This blog started out as Michael Doherty's Personal Library, containing reviews of books that normally don't get reviewed: basically porn and cult books. It was all just a bit of fun, you understand. But when I embarked on a three-year Shakespeare study, Shakespeare basically took over, which is a good thing.
Thursday, February 22, 2018
Shakespeare Reference in Darker Than Amber
John MacDonald’s Darker
Than Amber, a volume in his Travis McGee detective series, contains an interesting
reference to Macbeth, a reference that
is used several times in one chapter (chapter nine). The book is written in the
first person from the perspective of Travis McGee, who in this chapter is
pretending to be drunk in order to obtain some information, putting himself out
there as bait. MacDonald writes: “When he had put the drink down, he hovered. I
stared straight ahead until he began to turn away, and then said, ‘Tomorrow and
tomorrow and tomorrow’” (p. 97). “Tomorrow and tomorrow and tomorrow” is of
course a line from Macbeth’s famous speech (one of my favorite speeches in all
of Shakespeare’s plays). MacDonald has McGee continue: “‘Tomorrow and tomorrow
and tomorrow. Words of one of the poets, Albert. I made a great deal of money
this month. A vulgar quantity’” (p. 98). He uses the phrase a few more times. “‘My
associates are eaten by envy. My dear wife will smile upon me. Tomorrow and
tomorrow and tomorrow, Albert. In one of those tomorrows, I shall pry loose
another plum from the tree of life. But will it be meaningful?’” (p. 98). I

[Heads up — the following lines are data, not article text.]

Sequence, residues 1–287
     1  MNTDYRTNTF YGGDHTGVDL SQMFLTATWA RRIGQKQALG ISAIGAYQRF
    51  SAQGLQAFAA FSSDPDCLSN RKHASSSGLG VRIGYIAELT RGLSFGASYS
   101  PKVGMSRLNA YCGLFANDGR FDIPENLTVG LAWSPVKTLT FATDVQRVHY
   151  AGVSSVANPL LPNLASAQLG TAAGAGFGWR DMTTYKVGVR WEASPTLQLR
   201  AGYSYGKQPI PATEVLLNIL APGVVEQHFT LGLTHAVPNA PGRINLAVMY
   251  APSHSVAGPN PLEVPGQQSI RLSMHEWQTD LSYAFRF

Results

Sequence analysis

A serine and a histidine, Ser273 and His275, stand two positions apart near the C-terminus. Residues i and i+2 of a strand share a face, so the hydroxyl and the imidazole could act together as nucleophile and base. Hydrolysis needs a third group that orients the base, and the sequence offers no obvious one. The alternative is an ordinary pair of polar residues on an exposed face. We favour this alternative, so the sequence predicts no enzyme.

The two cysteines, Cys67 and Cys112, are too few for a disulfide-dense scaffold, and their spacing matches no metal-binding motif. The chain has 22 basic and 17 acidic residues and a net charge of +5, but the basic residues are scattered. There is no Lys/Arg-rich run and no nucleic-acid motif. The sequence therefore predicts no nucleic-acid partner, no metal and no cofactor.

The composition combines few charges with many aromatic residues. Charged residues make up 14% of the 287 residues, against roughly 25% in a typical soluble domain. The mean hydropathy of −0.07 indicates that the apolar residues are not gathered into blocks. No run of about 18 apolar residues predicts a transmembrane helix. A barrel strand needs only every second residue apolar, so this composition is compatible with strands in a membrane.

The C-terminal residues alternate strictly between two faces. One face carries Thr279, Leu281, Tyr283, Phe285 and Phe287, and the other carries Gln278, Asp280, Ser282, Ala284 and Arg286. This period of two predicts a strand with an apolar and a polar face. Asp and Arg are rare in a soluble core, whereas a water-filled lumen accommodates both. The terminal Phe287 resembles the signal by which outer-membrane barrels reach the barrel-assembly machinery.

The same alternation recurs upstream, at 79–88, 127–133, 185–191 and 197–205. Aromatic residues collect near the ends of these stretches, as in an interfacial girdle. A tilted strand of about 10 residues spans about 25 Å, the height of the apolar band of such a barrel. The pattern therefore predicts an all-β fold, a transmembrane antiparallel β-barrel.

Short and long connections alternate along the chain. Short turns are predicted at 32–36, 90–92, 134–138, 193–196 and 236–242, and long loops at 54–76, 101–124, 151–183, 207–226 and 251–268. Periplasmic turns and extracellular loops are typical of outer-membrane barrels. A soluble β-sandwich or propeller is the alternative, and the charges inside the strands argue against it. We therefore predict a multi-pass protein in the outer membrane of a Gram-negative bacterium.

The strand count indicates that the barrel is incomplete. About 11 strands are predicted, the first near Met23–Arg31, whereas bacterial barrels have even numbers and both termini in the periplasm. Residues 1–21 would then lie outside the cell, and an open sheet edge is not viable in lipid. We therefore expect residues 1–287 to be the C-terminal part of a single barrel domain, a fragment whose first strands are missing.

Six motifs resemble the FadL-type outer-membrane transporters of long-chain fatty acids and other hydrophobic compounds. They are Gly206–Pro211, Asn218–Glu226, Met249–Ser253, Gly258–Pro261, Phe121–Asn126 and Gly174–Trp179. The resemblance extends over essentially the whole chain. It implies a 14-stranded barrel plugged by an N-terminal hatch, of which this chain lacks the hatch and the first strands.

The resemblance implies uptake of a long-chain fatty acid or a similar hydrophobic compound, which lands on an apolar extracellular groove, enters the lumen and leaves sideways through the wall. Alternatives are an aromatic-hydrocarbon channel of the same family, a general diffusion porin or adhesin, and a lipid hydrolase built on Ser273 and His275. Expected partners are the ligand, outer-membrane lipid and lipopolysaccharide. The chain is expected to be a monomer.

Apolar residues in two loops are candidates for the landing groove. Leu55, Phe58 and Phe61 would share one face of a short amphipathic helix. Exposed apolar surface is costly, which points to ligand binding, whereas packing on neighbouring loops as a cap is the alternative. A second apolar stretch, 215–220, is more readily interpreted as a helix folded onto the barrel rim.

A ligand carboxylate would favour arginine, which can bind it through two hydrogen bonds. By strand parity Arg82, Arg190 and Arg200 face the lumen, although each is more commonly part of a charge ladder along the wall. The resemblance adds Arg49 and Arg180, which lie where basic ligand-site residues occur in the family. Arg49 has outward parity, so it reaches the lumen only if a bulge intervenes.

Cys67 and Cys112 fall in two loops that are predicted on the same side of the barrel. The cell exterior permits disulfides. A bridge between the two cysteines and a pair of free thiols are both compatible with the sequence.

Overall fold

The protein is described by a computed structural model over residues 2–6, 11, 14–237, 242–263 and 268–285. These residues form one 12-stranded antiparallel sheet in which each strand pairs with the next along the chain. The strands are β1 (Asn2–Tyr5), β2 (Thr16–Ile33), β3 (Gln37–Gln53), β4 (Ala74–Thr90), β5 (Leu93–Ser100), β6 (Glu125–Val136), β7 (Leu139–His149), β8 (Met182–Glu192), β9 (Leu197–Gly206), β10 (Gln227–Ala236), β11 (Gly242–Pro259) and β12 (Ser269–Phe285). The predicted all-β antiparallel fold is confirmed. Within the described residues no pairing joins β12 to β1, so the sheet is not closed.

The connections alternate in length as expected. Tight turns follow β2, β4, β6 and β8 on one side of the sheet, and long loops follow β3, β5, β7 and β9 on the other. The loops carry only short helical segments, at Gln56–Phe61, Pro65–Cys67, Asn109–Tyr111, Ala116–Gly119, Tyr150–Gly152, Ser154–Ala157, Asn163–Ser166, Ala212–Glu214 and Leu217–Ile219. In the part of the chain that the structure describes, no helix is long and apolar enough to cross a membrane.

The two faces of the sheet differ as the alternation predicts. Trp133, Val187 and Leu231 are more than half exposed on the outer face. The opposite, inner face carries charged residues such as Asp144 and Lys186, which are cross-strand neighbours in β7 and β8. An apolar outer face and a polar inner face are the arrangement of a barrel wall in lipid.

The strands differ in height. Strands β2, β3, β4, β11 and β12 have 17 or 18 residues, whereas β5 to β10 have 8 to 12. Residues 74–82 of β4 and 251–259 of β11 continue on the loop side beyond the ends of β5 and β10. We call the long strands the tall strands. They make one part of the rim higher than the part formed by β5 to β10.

particularly like the line’s use in that paragraph, as it plays a bit more with
the speech’s meaning. After all, the speech begins when Macbeth learns that his
wife has died. So McGee saying “My dear wife will smile upon me” has a bit of
humor to it. The speech ends with the line “Signifying nothing,” and so McGee’s
question about whether it will be meaningful is also a playful nod. And perhaps
McGee wouldn’t have added those playful touches if the server, Albert, had
caught the Macbeth reference when he
first uttered the line “Tomorrow and tomorrow and tomorrow.” He plays again
with the word “meaning” a moment later: “‘That is what happens to evenings.
They all blur, merge, become meaningless. Tomorrow and tomorrow and tomorrow.
Albert, I know you have understanding” (p. 98). Then, a little later, the tone
of the conversation changes, and Albert delivers a speech to McGee, ending it
with “You following me?” McGee responds, “Tomorrow and tomorrow and tomorrow”
(p. 101). Then, McGee says he hopes they can pursue these matters later.
MacDonald writes: “With an egg-sucking grin Albert said, ‘Tomorrow and tomorrow
and tomorrow, sir?’” (p. 101).